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S. Rae, D. Austin, A. Holland, S. Pardhan; Does Variability in Wavefront Aberrations in the Inter-Blink Period Increase With Contact Lens Wear or Duration of Lens Wear?. Invest. Ophthalmol. Vis. Sci. 2009;50(13):6339.
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Ocular wavefront aberrations are known to vary during the inter-blink interval 1,2 as the tear film changes. The tear film is also known to change during contact lens wear. This study aims to identify the individual aberration terms affected by the time from blink with and without contact lens wear and the effect of the time from initial lens insertion.
Total ocular wavefront aberration was assessed using the COAS-HD aberrometer (Wavefront Sciences, USA) and analysed for a 5mm pupil aperture. Three contact lens types were worn on separate days (DefinitiveTM, balafilcon A, nelfilcon A). Aberrations were measured at 2 second intervals from 2 to 10 seconds after a blink. Measurements were obtained for 10 subjects without a contact lens, with a contact lens newly inserted and after 5-6 hours of lens wear.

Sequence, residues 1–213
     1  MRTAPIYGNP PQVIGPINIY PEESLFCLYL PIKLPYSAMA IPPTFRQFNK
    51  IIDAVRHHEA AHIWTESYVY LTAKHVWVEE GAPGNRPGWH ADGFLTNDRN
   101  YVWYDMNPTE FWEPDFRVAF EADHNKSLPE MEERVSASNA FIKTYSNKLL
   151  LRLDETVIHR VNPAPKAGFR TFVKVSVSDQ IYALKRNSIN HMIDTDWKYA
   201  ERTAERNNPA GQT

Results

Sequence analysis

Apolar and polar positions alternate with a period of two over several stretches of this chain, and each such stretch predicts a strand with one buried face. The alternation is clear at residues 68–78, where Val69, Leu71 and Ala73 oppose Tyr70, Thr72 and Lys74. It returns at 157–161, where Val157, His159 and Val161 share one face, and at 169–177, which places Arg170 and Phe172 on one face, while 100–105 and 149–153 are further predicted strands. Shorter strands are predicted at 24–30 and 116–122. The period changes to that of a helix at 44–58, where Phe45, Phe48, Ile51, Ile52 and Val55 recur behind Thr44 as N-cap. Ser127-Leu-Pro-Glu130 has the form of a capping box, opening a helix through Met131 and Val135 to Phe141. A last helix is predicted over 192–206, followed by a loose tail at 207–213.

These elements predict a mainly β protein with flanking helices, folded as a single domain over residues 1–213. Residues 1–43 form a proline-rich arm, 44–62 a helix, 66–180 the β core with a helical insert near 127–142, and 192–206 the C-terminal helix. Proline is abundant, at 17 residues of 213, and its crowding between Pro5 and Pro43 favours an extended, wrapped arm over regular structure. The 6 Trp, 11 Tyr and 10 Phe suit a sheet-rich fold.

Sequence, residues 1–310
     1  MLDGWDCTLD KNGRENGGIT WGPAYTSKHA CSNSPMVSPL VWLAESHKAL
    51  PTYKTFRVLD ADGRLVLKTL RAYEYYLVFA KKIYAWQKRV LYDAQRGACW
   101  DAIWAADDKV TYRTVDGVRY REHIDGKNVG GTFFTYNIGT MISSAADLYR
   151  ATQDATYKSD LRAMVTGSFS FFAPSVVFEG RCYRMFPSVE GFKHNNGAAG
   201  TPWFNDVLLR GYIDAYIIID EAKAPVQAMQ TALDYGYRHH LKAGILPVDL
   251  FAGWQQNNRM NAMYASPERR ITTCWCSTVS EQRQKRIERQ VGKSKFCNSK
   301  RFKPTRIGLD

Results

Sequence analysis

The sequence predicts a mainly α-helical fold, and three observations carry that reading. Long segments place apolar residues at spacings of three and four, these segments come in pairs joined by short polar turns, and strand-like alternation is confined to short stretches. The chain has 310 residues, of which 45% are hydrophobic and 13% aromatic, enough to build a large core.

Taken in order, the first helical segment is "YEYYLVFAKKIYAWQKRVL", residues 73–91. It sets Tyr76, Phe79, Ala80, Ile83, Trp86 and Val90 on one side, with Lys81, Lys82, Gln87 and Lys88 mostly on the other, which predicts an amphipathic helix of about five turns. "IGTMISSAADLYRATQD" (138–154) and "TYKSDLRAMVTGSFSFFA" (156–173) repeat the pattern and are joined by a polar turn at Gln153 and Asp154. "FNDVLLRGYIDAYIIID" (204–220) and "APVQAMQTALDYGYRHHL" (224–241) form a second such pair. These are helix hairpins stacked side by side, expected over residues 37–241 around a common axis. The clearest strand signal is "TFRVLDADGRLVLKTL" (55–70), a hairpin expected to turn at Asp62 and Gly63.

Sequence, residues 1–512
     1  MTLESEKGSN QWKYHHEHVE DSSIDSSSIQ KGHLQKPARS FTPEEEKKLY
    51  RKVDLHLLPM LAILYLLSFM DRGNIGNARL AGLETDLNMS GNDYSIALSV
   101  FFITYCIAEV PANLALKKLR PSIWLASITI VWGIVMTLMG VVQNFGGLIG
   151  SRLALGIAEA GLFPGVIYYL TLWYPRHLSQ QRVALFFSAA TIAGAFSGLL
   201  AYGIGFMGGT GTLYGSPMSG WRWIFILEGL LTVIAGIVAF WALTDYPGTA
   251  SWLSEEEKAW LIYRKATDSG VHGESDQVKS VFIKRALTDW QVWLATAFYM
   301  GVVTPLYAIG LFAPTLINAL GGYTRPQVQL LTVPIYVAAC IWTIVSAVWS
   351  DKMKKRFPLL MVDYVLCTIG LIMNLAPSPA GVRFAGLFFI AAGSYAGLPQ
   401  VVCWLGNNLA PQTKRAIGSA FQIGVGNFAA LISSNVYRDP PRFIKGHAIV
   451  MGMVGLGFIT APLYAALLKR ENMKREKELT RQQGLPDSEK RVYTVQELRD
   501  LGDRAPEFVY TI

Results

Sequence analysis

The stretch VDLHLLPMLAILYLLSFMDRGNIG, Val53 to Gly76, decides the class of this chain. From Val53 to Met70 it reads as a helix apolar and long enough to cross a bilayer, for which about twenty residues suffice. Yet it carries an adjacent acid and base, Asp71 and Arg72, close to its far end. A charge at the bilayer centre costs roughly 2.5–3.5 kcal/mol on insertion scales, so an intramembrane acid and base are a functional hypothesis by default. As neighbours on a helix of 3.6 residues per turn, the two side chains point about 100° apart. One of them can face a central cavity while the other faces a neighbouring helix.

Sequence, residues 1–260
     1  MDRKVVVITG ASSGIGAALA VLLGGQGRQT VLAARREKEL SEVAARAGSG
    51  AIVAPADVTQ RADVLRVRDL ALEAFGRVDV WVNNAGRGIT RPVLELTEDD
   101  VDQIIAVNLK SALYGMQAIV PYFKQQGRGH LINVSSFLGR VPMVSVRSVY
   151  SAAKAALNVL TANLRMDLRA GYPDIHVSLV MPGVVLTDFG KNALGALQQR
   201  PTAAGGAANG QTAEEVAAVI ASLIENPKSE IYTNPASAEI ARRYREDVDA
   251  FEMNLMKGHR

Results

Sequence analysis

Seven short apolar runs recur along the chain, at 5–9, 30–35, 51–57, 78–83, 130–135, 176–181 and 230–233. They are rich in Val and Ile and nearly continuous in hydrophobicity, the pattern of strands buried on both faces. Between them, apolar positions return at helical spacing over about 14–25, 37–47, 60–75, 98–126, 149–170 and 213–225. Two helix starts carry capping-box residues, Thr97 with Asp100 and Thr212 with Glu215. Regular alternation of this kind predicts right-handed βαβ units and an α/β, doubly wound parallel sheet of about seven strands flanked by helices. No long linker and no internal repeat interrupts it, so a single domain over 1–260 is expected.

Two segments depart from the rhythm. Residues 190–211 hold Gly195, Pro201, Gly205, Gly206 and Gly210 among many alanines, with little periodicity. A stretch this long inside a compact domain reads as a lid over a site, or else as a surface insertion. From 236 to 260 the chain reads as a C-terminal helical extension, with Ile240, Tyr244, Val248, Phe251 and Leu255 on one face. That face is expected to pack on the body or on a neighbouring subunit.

Mean aberrations were calculated for each lens and each condition. Variability was assessed by calculating the standard deviation of the mean aberrations across the full 10 second period. Spherical aberration increased significantly with newly inserted lenses compared to without (p = 0.013) and also after 5-6 hours of wear compared to without lenses (p=0.001). Spherical aberration changed sign from positive to negative with both newly inserted contact lens and after 5-6 hours of wear, with an increase in the absolute magnitude. There was no significant difference in the standard deviation of any aberration term with both lens wear conditions compared to without. Coma terms and 3rd order RMS showed higher standard deviations than spherical aberration and 4th order terms, for both lens wear conditions. There was no significant effect of lens type on any changes described above.
Variability in aberrations across the inter-blink period was not adversely affected by contact lens wear as may have been anticipated. However, the absolute magnitude of spherical aberration was consistently higher indicating that the control of inherent spherical aberration and the application of aspheric optics requires careful consideration.1 Montés-Micó, R, Alió, JL, Muñoz, G and Charman, WN (2004). Invest. Ophthalmol. Vis. Sci. 45: 1752-1757.2 Koh, S, Maeda, N, Hirohara, Y et al. (2006). Invest. Ophthalmol. Vis. Sci. 47: 3318-3324.
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